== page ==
I first became aware that the worst ‘moist’ was a thing in 2011 or 2012.
I was teaching a first-year seminar in the Focus Program at Duke University which means that the students in the class were all about eighteen years old. One the day the word ‘moist’ came up. I don’t remember how or why. I do remember one young woman’s reaction. She made a writhing motion with her shoulders and said how much she disliked the word. Another student said it again, and she shuddered in distaste.
I had never seen such a reaction before. I certainly noted it, and I took her bodily reaction to be bona fide. She was physically disgusted by the word.
A BuzzFeed post from 2012 entitled Why Moist is the Worst Word Ever got 4 million views. Its subtitle is: Can we please stop using it?
Tech Insider gave us in 2018 Science of Why People Hate the Word ‘Moist’.
Suffice it to say that articles on the subject abound. Other words that some people apparently find disgusting are ‘crevice’ and ‘phlegm.’ Word aversion is acknowledged to be a variable phenomenon since not all people are equally averse to the same words. I’d be curious to know if it is also variable over time, both for individuals and groups with widely-shared aversions. How will my Focus student feel about the word ‘moist’ 15 years from now or even 30? How will the people polled in the three articles, above?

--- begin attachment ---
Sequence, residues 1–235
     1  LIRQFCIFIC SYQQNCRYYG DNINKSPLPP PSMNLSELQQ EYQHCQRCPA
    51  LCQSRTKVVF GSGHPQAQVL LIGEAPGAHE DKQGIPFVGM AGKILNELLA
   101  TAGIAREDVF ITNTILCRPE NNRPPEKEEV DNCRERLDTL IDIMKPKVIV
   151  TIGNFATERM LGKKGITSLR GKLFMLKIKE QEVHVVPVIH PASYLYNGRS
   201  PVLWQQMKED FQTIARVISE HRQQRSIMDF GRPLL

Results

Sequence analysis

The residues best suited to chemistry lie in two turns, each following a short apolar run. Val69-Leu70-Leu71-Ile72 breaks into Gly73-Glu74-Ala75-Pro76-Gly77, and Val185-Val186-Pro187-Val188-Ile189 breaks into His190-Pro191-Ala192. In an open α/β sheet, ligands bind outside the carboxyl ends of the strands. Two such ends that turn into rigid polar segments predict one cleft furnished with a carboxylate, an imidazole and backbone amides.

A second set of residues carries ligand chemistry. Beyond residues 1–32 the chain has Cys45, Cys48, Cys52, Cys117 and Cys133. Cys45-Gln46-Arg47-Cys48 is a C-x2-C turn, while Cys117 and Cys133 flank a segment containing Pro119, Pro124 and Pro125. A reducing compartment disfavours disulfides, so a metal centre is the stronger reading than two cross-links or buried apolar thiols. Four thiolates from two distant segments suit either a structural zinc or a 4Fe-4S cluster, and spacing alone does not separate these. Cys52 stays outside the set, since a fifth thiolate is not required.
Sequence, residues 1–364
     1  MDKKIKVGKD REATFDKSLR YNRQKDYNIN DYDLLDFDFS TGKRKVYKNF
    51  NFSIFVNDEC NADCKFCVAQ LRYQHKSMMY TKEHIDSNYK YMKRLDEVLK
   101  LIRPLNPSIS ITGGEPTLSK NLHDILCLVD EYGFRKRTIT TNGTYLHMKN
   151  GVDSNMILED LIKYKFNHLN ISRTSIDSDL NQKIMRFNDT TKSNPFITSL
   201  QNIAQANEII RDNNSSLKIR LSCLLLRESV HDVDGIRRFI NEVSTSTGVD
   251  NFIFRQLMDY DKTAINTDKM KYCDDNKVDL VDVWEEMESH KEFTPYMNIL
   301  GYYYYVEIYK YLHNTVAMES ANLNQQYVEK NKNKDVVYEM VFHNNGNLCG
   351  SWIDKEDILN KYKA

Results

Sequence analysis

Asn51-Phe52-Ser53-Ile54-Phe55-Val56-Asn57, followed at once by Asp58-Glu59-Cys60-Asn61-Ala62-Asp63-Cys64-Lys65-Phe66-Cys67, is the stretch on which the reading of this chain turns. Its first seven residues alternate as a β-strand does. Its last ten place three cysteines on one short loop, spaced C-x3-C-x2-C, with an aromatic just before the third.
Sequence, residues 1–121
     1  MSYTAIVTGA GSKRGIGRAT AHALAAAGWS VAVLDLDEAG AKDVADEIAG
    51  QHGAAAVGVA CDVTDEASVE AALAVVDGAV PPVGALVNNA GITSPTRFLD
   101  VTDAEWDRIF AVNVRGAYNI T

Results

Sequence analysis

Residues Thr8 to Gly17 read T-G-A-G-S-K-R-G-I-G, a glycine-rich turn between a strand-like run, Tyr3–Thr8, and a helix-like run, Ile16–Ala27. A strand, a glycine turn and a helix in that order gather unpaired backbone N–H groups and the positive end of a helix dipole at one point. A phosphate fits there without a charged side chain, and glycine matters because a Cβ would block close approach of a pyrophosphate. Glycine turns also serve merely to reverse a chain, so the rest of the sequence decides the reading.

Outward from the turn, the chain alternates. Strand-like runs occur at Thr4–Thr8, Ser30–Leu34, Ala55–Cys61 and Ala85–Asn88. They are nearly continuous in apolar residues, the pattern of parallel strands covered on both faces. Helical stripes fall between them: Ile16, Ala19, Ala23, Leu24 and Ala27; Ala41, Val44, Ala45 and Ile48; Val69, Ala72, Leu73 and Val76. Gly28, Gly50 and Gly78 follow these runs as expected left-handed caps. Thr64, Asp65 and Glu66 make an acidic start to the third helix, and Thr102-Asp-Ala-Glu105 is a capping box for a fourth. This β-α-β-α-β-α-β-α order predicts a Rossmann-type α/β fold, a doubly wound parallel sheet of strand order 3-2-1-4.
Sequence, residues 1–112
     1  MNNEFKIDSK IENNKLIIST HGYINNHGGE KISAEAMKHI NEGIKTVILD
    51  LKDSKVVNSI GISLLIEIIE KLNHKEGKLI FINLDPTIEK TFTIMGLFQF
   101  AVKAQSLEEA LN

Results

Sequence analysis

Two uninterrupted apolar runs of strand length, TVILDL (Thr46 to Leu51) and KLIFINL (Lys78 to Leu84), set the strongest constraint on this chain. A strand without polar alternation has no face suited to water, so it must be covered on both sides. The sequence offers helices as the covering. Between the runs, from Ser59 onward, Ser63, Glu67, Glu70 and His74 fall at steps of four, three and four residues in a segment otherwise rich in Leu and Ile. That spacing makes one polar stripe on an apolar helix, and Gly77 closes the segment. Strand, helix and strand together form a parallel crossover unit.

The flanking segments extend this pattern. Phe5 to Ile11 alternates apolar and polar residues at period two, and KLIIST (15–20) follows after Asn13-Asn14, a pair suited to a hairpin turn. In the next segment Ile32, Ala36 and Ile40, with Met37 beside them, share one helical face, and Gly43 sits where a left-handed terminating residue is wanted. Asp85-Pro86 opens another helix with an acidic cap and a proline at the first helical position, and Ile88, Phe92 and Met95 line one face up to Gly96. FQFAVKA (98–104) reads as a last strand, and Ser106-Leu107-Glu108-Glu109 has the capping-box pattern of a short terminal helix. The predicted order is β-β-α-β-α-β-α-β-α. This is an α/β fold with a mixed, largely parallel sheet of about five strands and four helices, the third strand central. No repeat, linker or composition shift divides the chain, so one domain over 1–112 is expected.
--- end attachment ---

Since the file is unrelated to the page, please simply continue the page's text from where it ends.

It seems, at the moment, for this (currently) most hated word – according to my far-from-scientific poll – Millennials are most averse, Gen Xers get the idea, and Baby Boomers have no idea what I’m talking about when I bring it up.
And I’ve brought it up with various people in the past couple of days since watching Jack Whitehall: Christmas With My Father on Netflix. Jack Whitehall is a British actor and comedian. His father Michael Whitehall is a television producer, talent agent, television personality and author.
At the fifteen minute mark, perky 31-year-old Jack confronts straight-man 79-year-old Michael and begs him not to subject the family to his dad jokes this Christmas. The ones Michael has apparently been telling since Jack was a little boy.
For the first example, Jack tees things up with, “The minute that turkey hits the table, he says ….”
Michael draws a momentary blank, then perks up and says, “Oh, yes. Moist. He hates the word ‘moist.’ You hate the word ‘moist’.”
Jack cringes and reposts, “No child should ever hear his parent say the word ‘moist.’ It becomes a competition how many times you can drop the M word in conversation.”
Michael obliges with, “Moist bird. Fat, nice, moist bird. Breasts and legs. Well, that’s what every father should talk about at Christmas.”
The audience loves it.
The joke works because the audience is apparently on board with the cringe-worthiness of the M word. The joke misses for me because I can’t quite believe the M word was a thing when Jack was a little boy. So it’s a contemporary joke, as all jokes should be. I simply resisted the buy-in.
I’m entertaining the idea that when a thing becomes a punch line, it’s over.
Has the M word’s time come and gone? Time will tell.
For another example of a linguistic item creating a generational divide, see Have a Problem with No Problem?
This post was written by Julie Tetel Andresen